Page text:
89 "Odbacena tuzba Srpskog Pokreta Obnove" (SPO Charge Rejected) (statement by the district public prosecutor in Belgrade), Politika, December 30, 1999, p. 19.

90 "Draskovic se u vise navrata sastajao sa pripadnicima francuske obavestajne sluzbe" (Draskovic Met on a Number of Occasion with Members of the French Intelligence Service), Politika, January 9, 2000, p. 14.

91 "Novi zadatak" (New Task) (transcript of the editorial originally published in Politika Ekspres), Politika, January 9, 2000, p. 14.

92 "Odabran da amnestira NATO od zlocina" (Selected to Pardon NATO for the Crimes) (transcript of an editorial originally published in Borba), Politika, January 10, 2000, p. 14.

93 In January, according to a survey conducted by the Center for Political Research at the Institute of Social Sciences, the ruling SPS, SRS, and JUL enjoyed support of 17 percent of the population, while the support for the major opposition blocks-Alliance for Change, SPO, and Democratic Party of Serbia (DSS)- amounted to 22 percent. I. Stojkovic, "Uspesni samo zajedno" (Successful Only if Together), Glas Javnosti, January 28, 2000. The newspaper article presenting the results did not mention the percentage of those who would vote for other, minor, opposition parties, but they have traditionally at least 5 percent, which in the present constellation of political parties would increase the overall support for the opposition to close to 30 percent. Half of the interviewees were undecided or declared they would not vote for any party.

94 "Bomba na zgradu predsednika DS u Valjevu" (Bomb at the House of the President of DS in Valjevo), Danas, October 18, 1999, p. 13.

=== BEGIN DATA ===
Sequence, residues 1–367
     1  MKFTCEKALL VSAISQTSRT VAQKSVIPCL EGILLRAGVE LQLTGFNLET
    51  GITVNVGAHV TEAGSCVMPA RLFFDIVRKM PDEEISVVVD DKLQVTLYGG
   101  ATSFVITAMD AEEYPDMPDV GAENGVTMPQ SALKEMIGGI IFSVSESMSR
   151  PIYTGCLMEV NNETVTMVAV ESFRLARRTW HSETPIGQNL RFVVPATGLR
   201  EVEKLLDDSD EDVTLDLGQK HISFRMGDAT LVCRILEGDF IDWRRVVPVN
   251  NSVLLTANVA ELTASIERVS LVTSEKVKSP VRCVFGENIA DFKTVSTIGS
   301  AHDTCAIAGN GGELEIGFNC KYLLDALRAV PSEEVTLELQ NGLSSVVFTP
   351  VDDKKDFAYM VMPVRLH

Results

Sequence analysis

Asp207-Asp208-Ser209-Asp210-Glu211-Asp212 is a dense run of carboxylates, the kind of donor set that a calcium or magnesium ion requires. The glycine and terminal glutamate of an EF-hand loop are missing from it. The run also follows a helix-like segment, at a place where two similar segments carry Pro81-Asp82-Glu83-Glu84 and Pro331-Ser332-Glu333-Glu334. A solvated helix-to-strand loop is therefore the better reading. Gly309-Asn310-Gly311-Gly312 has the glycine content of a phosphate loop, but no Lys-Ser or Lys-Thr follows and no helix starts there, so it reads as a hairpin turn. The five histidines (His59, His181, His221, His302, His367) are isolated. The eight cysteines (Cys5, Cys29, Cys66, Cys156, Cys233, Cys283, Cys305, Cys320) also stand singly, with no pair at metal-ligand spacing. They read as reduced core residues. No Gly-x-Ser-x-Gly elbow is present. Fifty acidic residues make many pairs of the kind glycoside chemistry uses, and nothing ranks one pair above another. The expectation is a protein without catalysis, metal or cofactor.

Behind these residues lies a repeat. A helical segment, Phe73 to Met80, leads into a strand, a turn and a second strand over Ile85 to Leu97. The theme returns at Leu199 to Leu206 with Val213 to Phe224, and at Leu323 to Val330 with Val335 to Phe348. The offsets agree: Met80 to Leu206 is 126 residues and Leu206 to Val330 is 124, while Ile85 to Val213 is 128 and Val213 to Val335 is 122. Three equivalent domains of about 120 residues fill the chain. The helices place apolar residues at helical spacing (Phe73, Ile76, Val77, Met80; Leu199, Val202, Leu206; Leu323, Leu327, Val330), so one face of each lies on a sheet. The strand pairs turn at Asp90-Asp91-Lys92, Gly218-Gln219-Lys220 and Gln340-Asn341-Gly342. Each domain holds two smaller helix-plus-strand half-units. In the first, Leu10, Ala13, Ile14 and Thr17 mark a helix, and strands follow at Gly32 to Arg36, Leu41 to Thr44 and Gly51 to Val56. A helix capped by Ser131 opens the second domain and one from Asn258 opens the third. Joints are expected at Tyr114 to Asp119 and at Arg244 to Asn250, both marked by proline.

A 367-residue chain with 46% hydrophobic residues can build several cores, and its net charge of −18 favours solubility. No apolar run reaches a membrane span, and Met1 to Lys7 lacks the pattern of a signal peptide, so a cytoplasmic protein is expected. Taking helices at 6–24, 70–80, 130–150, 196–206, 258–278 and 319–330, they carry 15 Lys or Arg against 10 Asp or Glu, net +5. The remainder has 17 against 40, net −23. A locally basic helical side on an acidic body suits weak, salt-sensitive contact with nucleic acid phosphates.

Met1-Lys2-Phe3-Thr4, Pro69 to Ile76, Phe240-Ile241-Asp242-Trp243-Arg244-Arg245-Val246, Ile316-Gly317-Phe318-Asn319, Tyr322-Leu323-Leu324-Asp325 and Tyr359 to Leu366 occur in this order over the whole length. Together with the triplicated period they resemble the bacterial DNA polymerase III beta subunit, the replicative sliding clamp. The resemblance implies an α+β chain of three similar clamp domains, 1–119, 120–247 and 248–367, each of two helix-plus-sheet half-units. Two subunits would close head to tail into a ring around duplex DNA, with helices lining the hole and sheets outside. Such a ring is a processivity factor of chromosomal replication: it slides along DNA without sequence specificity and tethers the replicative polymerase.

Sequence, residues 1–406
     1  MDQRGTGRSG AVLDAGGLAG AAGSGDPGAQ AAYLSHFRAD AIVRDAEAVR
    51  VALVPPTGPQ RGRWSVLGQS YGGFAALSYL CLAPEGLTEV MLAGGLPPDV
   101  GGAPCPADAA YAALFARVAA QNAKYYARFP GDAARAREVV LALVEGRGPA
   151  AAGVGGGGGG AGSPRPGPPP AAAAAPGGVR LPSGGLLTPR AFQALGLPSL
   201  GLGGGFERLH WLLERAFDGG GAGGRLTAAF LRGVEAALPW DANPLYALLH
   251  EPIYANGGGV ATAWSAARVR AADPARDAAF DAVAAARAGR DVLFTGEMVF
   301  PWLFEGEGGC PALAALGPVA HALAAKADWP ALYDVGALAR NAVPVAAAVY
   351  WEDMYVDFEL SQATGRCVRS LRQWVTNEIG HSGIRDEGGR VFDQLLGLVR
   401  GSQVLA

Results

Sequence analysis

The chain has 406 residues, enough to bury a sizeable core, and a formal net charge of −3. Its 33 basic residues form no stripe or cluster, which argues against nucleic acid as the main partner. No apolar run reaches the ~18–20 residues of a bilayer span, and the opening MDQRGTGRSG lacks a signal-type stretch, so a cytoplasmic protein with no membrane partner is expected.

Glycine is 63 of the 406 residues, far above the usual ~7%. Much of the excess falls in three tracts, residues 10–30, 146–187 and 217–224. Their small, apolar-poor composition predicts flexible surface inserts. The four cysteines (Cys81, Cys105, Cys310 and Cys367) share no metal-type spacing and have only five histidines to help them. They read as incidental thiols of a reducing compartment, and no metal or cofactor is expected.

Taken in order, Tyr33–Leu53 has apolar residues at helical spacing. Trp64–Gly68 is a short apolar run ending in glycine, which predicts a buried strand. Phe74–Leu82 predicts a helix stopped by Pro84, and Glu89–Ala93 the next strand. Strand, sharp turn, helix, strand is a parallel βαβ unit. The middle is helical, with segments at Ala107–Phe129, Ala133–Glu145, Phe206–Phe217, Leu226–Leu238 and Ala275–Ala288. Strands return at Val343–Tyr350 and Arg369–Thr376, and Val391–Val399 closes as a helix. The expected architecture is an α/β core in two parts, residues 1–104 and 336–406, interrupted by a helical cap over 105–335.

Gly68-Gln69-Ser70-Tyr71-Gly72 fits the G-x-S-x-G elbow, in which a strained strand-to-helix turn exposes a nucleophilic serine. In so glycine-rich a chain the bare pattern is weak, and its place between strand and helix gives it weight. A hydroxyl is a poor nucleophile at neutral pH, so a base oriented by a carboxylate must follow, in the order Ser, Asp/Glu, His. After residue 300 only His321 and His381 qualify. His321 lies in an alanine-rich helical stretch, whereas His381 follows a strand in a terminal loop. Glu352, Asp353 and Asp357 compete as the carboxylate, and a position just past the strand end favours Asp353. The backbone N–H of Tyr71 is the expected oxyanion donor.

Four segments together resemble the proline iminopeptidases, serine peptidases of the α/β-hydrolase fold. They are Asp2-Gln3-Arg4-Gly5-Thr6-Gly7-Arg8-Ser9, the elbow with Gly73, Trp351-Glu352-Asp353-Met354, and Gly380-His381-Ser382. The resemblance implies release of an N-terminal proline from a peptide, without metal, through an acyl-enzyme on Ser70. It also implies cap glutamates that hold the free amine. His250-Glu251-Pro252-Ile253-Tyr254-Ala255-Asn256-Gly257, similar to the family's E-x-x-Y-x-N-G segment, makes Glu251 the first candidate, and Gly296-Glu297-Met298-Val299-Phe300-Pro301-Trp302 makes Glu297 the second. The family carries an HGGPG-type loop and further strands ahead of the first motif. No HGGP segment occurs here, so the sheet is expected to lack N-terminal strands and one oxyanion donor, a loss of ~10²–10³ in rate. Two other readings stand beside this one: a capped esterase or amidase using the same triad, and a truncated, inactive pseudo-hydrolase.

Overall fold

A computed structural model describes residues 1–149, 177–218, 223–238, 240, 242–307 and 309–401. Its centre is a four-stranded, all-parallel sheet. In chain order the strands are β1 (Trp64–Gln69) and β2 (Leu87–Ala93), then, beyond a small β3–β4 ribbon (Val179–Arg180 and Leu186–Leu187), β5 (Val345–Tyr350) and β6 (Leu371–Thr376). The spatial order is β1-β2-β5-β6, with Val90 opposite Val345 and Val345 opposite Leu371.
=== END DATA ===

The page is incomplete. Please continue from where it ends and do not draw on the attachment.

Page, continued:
95 Human Rights Watch telephone interview with Nebojsa Andric, November 15, 1999.

96 Human Rights Watch telephone interview with Nebojsa Andric, December 5, 1999.

97 Interview with Zoran Djindjic, Radio Free Europe, program in South Slavic languages, October 20/21, 1999.

98 M. Petric, "Na potezu montirane provokacije i incident" (Next Step: Staged Provocations and Incidents), Politika, October 19, 1999, p. 14.

99 "Moja zemlja je sada najvece gradiliste na svetu" (My Country is the Biggest Building Site in the World Now) (transcript of the interview by Mirjana Markovic to "Famiglia Cristiana"), Politika, October 20, 1999, p. 5. The accusation of his "escape" from the country at the time of the NATO intervention was used often by the state media. Djindjic responded by saying that, during the war, he spent only three hours abroad, during which time he visited German Prime Minister Gerhard Schroeder. B. Vojnic, "Direktan poziv na linc" (Direct Invitation to Lynching), Glas Javnosti, October 19, 1999, p. 3. Leaders of other opposition parties stayed in Serbia throughout the entire period; one of them-Goran Svilanovic, president of the Civic Alliance-was even drafted.

100 S. Kraljevic, "Samoubistvo ili zlocin" (Suicide or Crime), Glas Javnosti, November 6, 1999, p. 5.

101 Statement of Dobrivoje Gerasimovic, investigating judge in the District court in Belgrade, in D.J.V. and J.R., "DS vodi paralelnu istragu" (DS Conducts Parallel Investigation), Glas Javnosti, November 9, 1999, p. 7.

102 Ibid.; see also S. Kraljevic, "Samoubistvo ili zlocin."

103 V.Z.C., "Tuga i sumnja" (Sorrow And Doubt), Danas, November 8, 1999, p. 5.

104 Ibid.; see also S. Kraljevic, "Samoubistvo ili zlocin" (photo taken at a recent rally in Belgrade).

105 J.K., "Izgoreo automobil direktora Glasa Javnosti" (Car of the Director of Glas Javnosti Burst into Flames), Danas, October 29, 1999, p. 5.

106 J.K., "Izgoreo automobil direktora Glasa Javnosti."

107 A.S., "Kacarevicev automobil izgoreo zbog lose instalacije" (Kacarevic's Car Burned Down due to Bad Installations).

108 M.Filipovic, "Izgoreo automobil direktora Radio Globusa" (Car of The Radio Globus's Director on Fire), Danas, November 12, 1999, p. 13.

109 Perica Gunjic, "Ipak se okrece" (Yet It Is Moving On), Glas Javnosti, October 24, 1999, p. 10 (interview with Andreja Rakocevic).

110 See M. Filipovic, "Radio `Globus' Opustosen" (Radio `Globus' Ravaged), Danas, September 13, 1999, p. 5; see also M.F., "Ponovo opljackan Radio Globus" (Radio Globus Robbed Again), Danas, September 27, 1999, p. 24.